- Write reviews. Review everything – television shows, meals, movies, shoes, clothes. The sky is the limit. Whenever I had students write reviews, I was always impressed with what they observed.
- People watch, and write about it. Take a trip around the building… around the grounds for that matter. Have students write down notes as they walk. Then, come back to the classroom and discuss it. Write about it..
- Interview people. As a class, come up with different categories – school events, seniors going off to college, first year teachers… anything. Give them criteria and set them free.
- Take them to a far away place. How exciting is that?! When I was in the classroom, many, if not most, of my students had not been outside of the immediate area. Taking them on adventures through reading and writing is two-fold. They are still learning, but they are having fun. Choose a country and read their news, learn about their culture, and find literature from, or about, their culture.
Now go off and be great! It’s almost over 🙂
A class clown can completely ruin your class, if you allow it. I have had my fair share of class clowns, but I always tried to take into consideration just how much I love comedy.
As I finished modeling my introduction paragraph on the board, I turned around to see Jake standing on a desk. I looked at him. There was a pause because I was really thinking about my next move. Students were giggling, and staring at me in anticipation. His face let me know he was awaiting a note-worthy response.
“What are you doing?” I asked, trying to shield the exasperation in my tone.
“I’m TIRED of being the shortest person in here!!” Jake exclaimed. “Now I’m taller than Jeremy!”
You see, Jeremy was about 6’6″, and my class clown was about 5’4.
After staring at Jake for a moment, I turned back to the board and continued my lesson.
As I kept teaching, Jake kept his post. He stood proudly on top of the desk. And yes, he WAS now the tallest person in the room. But you know what, he was also taking notes.
I let Jake stand there the entire period because in all honesty, who was he bothering. Was it dangerous… well technically it is frowned upon to let students stand on desks. However, I just didn’t have the time or patience that day to let him get the best of me. That is exactly what he wanted. He got the giggles from his peers, but he didn’t get the response from me he wanted. I secretly wondered if he stood up there far longer than he had anticipated considering that I did not make him sit down.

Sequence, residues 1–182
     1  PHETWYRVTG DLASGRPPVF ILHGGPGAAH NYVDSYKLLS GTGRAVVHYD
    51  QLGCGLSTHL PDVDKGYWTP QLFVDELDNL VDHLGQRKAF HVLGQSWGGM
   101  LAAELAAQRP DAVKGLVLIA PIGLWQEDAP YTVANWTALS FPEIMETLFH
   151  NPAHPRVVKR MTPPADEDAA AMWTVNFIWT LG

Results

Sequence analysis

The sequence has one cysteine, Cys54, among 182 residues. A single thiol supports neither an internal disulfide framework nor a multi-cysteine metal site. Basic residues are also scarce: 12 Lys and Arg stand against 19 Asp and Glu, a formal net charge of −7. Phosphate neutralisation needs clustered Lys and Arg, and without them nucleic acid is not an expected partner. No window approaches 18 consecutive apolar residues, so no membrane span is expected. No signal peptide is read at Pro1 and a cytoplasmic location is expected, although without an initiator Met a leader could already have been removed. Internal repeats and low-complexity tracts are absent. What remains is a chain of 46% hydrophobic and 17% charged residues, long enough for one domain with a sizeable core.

Ultimately, Jake was not the first class clown, and he definitely was not the last. This scenario stands out to me the most though because I was so caught off guard. I have had a student burst out in Cee-lo songs… repeatedly, a child use profanity in their shared constructed response, a fit thrower, and more (mind you, these were 10th-12th graders), but for some reason, standing on that desk, that day, in an Honors class, really took the cake.
So what’s the point of this post? Simple, every fight isn’t worth fighting, and every student has potential to be something great. I honestly believe that Jake can be the next big comedian. However, I did not need his shenanigans during my class. I could have sent him to the office, written a referral, or responded negatively. But what I hope I accomplished that day was creating an environment that allowed him to be who he was without penalty. At best, I hope that teachers around the world can appreciate that comedians came from somewhere, and if there had been people along the way that broke their spirits when they were simply being who they were, we may not have all of the laughs we appreciate today.
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STATE TESTING – The real 4-letter word in education. The two words sure to make many, if not most, educators cringe. The pressure to achieve proficiency weighs heavily on students and teachers. For those of you already testing, “May the odds be ever in your favor.” For those of you still burning the midnight oil to help students practice all the things you’ve taught this year, consider the following to help with state testing:
~Student Learning Stations~
This is a great way to group students and differentiate. You can spruce stations up by adding games and highly interactive activities. It also allows the teacher to move about the room and help those students who need help. You can read more about student stations here.
~Use Released Test Items~
I always used released state exams from other states in addition to my own, whenever those were available. I wanted students to be exposed to all of the possible ways a skill could be assessed. That said, it was imperative that I find other ways to provide students with the level of rigor I’d expect them to see on a state exam. Think about the way your state’s test is set up, and find something that works for you.
Below are a few resources I have used:
- Partnership for Assessment of Readiness for College and Careers